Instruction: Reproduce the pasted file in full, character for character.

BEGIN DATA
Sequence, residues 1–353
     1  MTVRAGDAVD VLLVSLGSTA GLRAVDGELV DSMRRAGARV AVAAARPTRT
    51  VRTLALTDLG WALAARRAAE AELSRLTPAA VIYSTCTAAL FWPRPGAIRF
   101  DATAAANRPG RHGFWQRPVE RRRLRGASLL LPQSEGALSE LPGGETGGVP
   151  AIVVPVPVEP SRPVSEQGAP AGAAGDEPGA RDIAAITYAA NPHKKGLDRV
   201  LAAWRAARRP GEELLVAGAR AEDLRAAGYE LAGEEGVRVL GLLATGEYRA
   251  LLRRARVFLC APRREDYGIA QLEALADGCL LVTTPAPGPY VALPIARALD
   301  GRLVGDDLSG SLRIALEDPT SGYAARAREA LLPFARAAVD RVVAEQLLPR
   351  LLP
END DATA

Sequence, residues 1–353
     1  MTVRAGDAVD VLLVSLGSTA GLRAVDGELV DSMRRAGARV AVAAARPTRT
    51  VRTLALTDLG WALAARRAAE AELSRLTPAA VIYSTCTAAL FWPRPGAIRF
   101  DATAAANRPG RHGFWQRPVE RRRLRGASLL LPQSEGALSE LPGGETGGVP
   151  AIVVPVPVEP SRPVSEQGAP AGAAGDEPGA RDIAAITYAA NPHKKGLDRV
   201  LAAWRAARRP GEELLVAGAR AEDLRAAGYE LAGEEGVRVL GLLATGEYRA
   251  LLRRARVFLC APRREDYGIA QLEALADGCL LVTTPAPGPY VALPIARALD
   301  GRLVGDDLSG SLRIALEDPT SGYAARAREA LLPFARAAVD RVVAEQLLPR
   351  LLP